Variability of wood properties using airborne and terrestrial laser scanning

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http://hdl.handle.net/10138/309060

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Pyörälä , J , Saarinen , N , Kankare , V , Coops , N C , Liang , X , Wang , Y , Holopainen , M , Hyyppä , J & Vastaranta , M 2019 , ' Variability of wood properties using airborne and terrestrial laser scanning ' , Remote Sensing of Environment , vol. 235 , 111474 . https://doi.org/10.1016/j.rse.2019.111474

Title: Variability of wood properties using airborne and terrestrial laser scanning
Author: Pyörälä, Jiri; Saarinen, Ninni; Kankare, Ville; Coops, Nicholas C.; Liang, Xinlian; Wang, Yunsheng; Holopainen, Markus; Hyyppä, Juha; Vastaranta, Mikko
Contributor: University of Helsinki, Laboratory of Forest Resources Management and Geo-information Science
University of Helsinki, Forest Health Group
University of Helsinki, Forest Health Group
University of Helsinki, Forest Health Group
University of Helsinki, Finnish Geospatial Research Institute FGI
Date: 2019-12-15
Language: eng
Number of pages: 14
Belongs to series: Remote Sensing of Environment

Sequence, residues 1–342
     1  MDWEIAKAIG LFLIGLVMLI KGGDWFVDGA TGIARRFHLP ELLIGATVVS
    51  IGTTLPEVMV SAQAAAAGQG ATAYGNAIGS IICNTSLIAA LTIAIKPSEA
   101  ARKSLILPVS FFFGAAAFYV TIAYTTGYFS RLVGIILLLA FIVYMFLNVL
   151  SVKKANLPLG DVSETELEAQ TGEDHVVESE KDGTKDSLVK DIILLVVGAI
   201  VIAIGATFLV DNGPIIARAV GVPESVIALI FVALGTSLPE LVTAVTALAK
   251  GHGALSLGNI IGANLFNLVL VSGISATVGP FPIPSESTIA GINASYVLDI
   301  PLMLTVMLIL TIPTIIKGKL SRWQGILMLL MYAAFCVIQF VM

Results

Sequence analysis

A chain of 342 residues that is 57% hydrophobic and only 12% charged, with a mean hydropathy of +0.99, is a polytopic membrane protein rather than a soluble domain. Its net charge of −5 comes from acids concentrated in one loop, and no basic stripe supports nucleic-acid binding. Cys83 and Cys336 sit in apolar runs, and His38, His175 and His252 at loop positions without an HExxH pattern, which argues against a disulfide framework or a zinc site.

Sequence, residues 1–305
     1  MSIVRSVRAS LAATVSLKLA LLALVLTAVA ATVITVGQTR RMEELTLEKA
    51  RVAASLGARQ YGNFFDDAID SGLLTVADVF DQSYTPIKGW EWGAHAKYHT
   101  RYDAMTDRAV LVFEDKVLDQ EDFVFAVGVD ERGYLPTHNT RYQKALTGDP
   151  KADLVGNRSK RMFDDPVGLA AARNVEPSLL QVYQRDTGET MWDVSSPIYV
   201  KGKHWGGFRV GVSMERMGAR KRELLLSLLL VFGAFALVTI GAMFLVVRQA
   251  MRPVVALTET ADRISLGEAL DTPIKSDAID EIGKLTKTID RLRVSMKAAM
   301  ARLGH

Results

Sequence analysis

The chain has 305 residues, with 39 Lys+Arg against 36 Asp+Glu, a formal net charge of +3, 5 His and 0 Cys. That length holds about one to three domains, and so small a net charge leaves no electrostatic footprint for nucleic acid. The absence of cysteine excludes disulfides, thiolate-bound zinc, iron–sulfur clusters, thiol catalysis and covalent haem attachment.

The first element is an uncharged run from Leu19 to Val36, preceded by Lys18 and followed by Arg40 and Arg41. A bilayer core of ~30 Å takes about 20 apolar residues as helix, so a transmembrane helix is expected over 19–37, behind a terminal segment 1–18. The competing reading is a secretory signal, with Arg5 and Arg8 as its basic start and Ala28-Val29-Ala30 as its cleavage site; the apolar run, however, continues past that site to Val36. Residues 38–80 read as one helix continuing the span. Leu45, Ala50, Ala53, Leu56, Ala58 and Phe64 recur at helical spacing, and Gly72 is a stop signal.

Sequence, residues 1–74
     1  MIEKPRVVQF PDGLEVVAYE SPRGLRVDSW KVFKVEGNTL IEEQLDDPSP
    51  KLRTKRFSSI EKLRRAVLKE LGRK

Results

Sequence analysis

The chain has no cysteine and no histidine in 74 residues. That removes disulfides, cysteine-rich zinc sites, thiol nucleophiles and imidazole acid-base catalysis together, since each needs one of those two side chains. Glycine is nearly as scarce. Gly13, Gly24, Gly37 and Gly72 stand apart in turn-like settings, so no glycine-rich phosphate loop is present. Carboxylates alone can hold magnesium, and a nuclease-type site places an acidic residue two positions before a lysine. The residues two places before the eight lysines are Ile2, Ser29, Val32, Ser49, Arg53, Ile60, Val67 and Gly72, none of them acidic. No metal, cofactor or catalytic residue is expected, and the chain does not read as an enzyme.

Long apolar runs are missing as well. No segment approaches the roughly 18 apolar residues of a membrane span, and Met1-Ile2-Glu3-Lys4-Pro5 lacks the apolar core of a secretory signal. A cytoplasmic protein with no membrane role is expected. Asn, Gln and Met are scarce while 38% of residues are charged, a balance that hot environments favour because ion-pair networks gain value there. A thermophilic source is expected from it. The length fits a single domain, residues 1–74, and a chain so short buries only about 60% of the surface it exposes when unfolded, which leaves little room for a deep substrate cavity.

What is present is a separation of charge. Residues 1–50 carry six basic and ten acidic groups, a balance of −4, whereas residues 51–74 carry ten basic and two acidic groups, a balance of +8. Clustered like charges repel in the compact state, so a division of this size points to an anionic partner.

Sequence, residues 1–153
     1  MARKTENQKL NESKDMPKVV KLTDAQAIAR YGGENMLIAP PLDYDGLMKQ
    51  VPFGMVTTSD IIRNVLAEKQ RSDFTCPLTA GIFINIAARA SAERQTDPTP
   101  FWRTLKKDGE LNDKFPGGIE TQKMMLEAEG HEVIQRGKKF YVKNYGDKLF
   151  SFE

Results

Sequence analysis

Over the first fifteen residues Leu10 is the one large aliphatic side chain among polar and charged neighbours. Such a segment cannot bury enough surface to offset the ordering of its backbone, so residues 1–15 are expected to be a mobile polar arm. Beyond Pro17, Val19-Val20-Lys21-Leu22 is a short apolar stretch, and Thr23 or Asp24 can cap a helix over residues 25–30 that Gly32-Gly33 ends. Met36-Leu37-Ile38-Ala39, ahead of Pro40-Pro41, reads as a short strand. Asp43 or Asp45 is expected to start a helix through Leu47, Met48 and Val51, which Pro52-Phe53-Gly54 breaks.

ISSN: 0034-4257
URI: http://hdl.handle.net/10138/309060
Abstract: Information on wood properties is crucial in estimating wood quality and forest biomass and thus developing the precision and sustainability of forest management and use. However, wood properties are highly variable between and within trees due to the complexity of wood formation. Therefore, tree-specific field references and spatially transferable models are required to capture the variability of wood quality and forest biomass at multiple scales, entailing high-resolution terrestrial and aerial remote sensing methods. Here, we aimed at identifying select tree traits that indicate wood properties (i.e. wood quality indicators) with a combination of terrestrial laser scanning (TLS) and airborne laser scanning (ALS) in an examination of 27 even-aged, managed Scots pine (Pinus sylvestris L.) stands in southern Finland. We derived the wood quality indicators from tree models sampled systematically from TLS data and built prediction models with respect to individual crown features delineated from ALS data. The models were incapable of predicting explicit branching parameters (height of the lowest dead branch R2 = 0.25, maximum branch diameter R2 = 0.03) but were suited to predicting stem and crown dimensions from stand, tree, and competition factors (diameter at breast height and sawlog volume R2 = 0.5, and live crown base height R2 = 0.4). We were able to identify the effect of canopy closure on crown longevity and stem growth, which are pivotal to the variability of several wood properties in managed forests. We discussed how the fusions of high-resolution remote sensing methods may be used to enhance sustainable management and use of natural resources in the changing environment.
Subject: 4112 Forestry
Lidar
Data fusion
Precision forestry
Scots pine
SCOTS PINE
FIBER ATTRIBUTES
MECHANICAL-PROPERTIES
BRANCH DIAMETER
LODGEPOLE PINE
TIMBER QUALITY
RADIAL GROWTH
NORWAY SPRUCE
DOUGLAS-FIR
TREE HEIGHT
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